Wednesday, 15 July 2009

Doing The Math: The Cost To Shelter And Protect A Single Asylum Seeker Is About $29,000.

Here is a story from the Toronto Star about an alleged "backlash" from Mexicans and Czechs about the new visa restrictions as if Canadians even care what Mexicans and Czechs think about it. I'm not interested in any of the story except for this part:

It costs Canada about $29,000 to shelter and care for a single asylum seeker. More than 12,000 Czech and Mexican refugee claimants have arrived in Canada since late 2007 and the vast majority of the files have been ruled to be illegitimate, making the financial toll untenable, Kenney said.

According to this table Canada resettled 21,860 refugees in 2008. If it does cost $29,000 to shelter and care for a single asylum seeker then the refugee system cost Canadian taxpayers approximately $634 million in 2008. But that's just the successful ones. If we include failed asylum claims then the number increases. I can't say by how much since I cannot find the total number of asylum claims in Canada for 2008 to make a calculation but I am sure the figure goes beyond the $800 million mark.

I post this because we don't know how much Canada's immigration system costs taxpayers because no official report on the costs exists. So we are left to make educated guesses. If it costs Canadians at least $634 million to resettle 21,860 people into the country how much more does it cost to service the immigration system as a whole?

Some may counter by saying immigrants pay more in taxes then we spend on immigration. But how do we know that if we don't know how much is spent on immigration? Remember, only 23% of immigrants to Canada are principal applicants which are immigrants selected based on their job and language skills. The rest are not. Also, immigrants remove up to $2 billion a year from the Canadian economy each year, money that could have been spent on goods and services, in the form of remittances sent back their home countries.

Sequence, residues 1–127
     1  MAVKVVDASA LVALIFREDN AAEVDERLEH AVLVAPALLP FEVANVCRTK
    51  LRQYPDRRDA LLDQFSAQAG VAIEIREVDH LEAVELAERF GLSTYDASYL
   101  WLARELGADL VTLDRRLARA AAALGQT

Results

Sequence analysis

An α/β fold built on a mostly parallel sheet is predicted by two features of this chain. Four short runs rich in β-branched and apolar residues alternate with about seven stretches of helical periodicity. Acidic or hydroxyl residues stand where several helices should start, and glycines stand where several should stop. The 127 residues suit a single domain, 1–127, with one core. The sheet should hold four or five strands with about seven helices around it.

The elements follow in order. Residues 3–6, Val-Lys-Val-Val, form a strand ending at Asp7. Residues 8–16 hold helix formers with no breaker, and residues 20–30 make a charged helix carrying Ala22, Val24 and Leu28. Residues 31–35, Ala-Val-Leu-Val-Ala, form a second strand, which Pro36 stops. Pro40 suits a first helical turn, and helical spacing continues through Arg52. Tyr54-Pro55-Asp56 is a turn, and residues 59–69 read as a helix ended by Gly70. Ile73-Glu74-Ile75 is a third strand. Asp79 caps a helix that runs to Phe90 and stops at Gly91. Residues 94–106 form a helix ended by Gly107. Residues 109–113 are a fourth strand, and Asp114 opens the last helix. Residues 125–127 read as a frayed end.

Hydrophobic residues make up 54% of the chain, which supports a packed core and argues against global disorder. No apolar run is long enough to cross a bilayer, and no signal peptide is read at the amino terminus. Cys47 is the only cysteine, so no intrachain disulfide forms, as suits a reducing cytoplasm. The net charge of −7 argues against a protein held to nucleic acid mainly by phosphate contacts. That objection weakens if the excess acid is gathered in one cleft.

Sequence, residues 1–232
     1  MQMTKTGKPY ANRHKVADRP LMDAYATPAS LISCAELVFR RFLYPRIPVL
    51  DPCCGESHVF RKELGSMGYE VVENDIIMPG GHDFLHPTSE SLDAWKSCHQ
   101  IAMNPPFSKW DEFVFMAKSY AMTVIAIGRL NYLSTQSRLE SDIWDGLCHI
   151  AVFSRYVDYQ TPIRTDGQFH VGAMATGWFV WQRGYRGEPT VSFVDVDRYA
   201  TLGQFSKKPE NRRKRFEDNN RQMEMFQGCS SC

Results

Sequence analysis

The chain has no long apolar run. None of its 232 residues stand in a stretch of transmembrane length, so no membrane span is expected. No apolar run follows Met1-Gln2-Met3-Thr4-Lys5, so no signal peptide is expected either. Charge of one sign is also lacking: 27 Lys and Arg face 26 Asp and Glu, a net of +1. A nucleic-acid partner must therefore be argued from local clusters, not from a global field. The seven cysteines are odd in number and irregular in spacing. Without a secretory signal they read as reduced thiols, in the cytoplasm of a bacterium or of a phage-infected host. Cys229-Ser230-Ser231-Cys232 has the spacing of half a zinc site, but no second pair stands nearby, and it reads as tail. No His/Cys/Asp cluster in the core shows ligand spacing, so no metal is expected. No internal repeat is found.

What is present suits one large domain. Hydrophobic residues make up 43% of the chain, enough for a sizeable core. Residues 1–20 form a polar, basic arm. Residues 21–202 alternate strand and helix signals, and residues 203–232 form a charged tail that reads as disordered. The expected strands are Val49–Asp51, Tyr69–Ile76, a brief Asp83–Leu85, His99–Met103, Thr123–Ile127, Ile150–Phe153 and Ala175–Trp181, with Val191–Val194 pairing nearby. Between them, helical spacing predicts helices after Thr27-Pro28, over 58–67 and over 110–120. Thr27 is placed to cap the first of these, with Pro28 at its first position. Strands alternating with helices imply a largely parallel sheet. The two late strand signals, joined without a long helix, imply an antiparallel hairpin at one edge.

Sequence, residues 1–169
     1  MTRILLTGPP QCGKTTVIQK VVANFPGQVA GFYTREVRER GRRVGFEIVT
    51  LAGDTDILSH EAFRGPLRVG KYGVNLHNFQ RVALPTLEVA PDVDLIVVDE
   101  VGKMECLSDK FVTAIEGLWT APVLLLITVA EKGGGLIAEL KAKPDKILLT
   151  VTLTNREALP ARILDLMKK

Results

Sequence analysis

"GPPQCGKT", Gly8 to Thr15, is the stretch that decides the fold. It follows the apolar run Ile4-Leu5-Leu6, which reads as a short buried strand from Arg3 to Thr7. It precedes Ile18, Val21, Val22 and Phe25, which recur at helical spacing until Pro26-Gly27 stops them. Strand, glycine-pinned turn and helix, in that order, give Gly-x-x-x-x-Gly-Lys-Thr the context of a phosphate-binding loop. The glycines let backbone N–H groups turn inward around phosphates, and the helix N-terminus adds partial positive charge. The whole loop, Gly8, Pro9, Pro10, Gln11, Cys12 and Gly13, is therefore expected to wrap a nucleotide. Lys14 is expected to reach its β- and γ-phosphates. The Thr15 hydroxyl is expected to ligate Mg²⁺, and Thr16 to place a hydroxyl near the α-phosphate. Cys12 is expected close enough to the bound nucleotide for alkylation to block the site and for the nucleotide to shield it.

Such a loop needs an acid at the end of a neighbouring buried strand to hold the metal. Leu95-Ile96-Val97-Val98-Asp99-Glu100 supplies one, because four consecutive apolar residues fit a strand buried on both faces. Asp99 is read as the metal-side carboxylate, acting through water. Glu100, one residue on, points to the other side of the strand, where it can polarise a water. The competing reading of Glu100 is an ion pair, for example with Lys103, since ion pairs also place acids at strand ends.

In the U.K., a nation experiencing similar waves of record immigration, a British House of Lords report concludes record levels of immigration has brought little or no economic benefit to Britain. And a Daily Mail article suggests immigration to Britain is more costly than it is worth. Is Canada different?

I strongly suspect the immigration system costs Canadian taxpayers more than it is worth and it seems Canadians are displeased with what they are paying for. Immigration isn't the problem. It is the current immigration system that is a mess that needs to be cleaned up. A good place to start is by lowering immigration targets.

2 comments:

Anonymous said...

From a Czech to Canadians:
Pretty hypocritical to slap visa on the whole Czech nation, because of Gypsies selectively targeting your too permissive and generous asylum system.
Why didn't Canada state, that the European Union is considered "safe zone" and therefore any asylum claims from there will be dismissed? The reason, why Gypsies from Czech Republic don't try that asylum trick in other European countries is precisely that - it would be immediately dismissed. They can move there under the same conditions as any othe Czech citizen - but they don't, because that would mean they would have to find work and support themselves like everybody else.
Therefore there is NO immigration of the "poor and opressed" Gypsies from Czechia to EU countries... Problem solved.

PaxCanadiana said...

You're preaching to the choir here my friend.

We know it is not Czechs who are abusing the system but a segment of Czech society called Roma.

Why didn't Canada state, that the European Union is considered "safe zone" and therefore any asylum claims from there will be dismissed?

The reason, why Gypsies from Czech Republic don't try that asylum trick in other European countries is precisely that - it would be immediately dismissed.


I completely agree with you. Any claim made by anyone arriving from the Eu, be they Roma or Sri Lankans or anyone, should not be given any attention here and the claimant should be returned back to the EU to make an asylum claim.

Like I said, you're preaching to the choir here.